Social video ad spending in the US is forecasted to reach $14.89 billion in 2021, growing 44% from 2019 — making it 30.4% of total video ad spending.
It’s also estimated that overall video ad spending will increase 62.1% between 2019 and 2023.
Facebook and YouTube are the dominant players in this space. (YouTube is not included in the social network video ad spending forecast.) But smaller social platforms, like Twitter and Snapchat, are also significant.
Twitter’s US video ad revenues will pass $1 billion in 2021. And Snapchat’s US video ad business is estimated to grow 19.9% year over year in 2021, reaching $727.4 million. That is nearly on par with Roku’s expected total US revenues of $785.4 million by 2021.
US digital video viewers favor YouTube and Facebook, according to AudienceProject, with social networks Instagram, Twitter and Snapchat also ranking higher than major news sites.
Why should marketers watch for social video?
Social platforms are among the most popular destinations for viewing ad-supported video in the US, especially among the millennial and Gen Z populations.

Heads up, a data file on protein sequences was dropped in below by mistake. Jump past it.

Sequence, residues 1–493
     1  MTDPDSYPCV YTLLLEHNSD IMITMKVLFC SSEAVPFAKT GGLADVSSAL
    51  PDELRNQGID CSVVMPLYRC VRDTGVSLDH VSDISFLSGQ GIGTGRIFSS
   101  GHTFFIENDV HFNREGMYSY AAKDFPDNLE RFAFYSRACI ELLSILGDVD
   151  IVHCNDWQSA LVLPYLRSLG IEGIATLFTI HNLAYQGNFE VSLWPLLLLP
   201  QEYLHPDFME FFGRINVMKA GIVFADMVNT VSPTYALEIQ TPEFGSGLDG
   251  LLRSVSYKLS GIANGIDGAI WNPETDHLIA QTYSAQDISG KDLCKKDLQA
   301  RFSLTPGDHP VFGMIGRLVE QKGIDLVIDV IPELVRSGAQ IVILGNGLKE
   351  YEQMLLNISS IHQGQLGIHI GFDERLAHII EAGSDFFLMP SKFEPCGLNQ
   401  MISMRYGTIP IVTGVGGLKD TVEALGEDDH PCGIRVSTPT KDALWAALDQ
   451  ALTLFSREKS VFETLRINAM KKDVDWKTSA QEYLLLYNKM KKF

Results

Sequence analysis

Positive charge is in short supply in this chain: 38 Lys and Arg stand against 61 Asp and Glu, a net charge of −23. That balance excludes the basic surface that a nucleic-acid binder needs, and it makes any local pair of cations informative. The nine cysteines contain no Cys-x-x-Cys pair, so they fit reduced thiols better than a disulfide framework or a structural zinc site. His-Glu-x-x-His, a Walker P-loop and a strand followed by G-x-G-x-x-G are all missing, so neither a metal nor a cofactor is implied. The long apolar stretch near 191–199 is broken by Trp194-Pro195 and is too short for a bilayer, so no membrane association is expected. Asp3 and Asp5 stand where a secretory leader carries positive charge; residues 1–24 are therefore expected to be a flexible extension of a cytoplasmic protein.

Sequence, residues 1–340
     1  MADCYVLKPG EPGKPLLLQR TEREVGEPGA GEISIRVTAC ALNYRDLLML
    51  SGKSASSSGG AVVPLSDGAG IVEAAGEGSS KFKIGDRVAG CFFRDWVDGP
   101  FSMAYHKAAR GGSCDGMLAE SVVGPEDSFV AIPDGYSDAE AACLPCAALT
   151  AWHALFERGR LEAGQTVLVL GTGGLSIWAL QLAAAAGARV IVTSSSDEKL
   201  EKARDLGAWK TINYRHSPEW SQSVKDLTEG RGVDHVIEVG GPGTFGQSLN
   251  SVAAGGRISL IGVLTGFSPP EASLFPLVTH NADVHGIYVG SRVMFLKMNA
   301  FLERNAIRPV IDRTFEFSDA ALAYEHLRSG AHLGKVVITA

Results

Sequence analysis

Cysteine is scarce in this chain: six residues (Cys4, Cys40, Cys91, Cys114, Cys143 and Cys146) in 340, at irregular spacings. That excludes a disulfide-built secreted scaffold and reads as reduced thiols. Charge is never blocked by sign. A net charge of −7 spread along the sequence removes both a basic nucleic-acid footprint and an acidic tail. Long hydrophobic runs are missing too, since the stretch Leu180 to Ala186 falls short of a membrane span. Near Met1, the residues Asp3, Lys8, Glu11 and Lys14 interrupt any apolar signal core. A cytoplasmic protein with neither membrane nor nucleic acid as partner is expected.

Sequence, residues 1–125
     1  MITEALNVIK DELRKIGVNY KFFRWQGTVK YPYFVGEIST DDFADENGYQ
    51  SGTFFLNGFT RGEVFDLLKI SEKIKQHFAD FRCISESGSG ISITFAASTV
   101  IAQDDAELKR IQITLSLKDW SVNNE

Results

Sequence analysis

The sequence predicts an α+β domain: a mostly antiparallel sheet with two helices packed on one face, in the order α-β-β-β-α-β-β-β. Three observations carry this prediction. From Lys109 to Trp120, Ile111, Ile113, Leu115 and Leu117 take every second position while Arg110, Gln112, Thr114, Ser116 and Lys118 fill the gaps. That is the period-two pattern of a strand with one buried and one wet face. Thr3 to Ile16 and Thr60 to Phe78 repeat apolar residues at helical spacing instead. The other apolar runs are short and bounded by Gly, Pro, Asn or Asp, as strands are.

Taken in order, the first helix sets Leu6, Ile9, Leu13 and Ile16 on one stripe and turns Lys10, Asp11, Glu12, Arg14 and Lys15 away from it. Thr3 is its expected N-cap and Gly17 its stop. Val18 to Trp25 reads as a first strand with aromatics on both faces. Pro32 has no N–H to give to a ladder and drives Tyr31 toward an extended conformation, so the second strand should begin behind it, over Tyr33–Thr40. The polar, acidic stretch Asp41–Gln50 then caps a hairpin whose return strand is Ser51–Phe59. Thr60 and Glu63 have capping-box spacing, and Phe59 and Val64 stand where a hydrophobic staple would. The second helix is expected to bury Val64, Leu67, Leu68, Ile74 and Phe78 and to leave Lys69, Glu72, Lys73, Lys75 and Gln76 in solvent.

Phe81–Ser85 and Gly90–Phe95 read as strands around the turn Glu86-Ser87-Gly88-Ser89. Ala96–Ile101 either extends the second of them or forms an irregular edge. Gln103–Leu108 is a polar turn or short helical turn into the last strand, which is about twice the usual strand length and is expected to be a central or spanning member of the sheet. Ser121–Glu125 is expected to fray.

Video has taken center stage on social platforms that were once text- or photo-centric—including Facebook, Instagram, Twitter, Snapchat, even Pinterest. Not only do younger users spend growing amounts of time watching video on these platforms, but they also share clips among their followers, potentially amplifying brand messages.
This trend reflects the shifting viewing behaviors of younger generations. Millennials and Gen Zers spend 54% of video time per day on social apps, according to a May 2018 multinational study by VidMob. YouTube accounted for 25% of that share.
And consumers have confirmed that video can influence their purchase behavior. According to a September 2018 study by Brightcove, 76% of adults in the US, UK, and Australia have purchased a product after viewing a video; 66% of millennial respondents (ages 18-34) said they’ve engaged with a brand after watching a video on social media.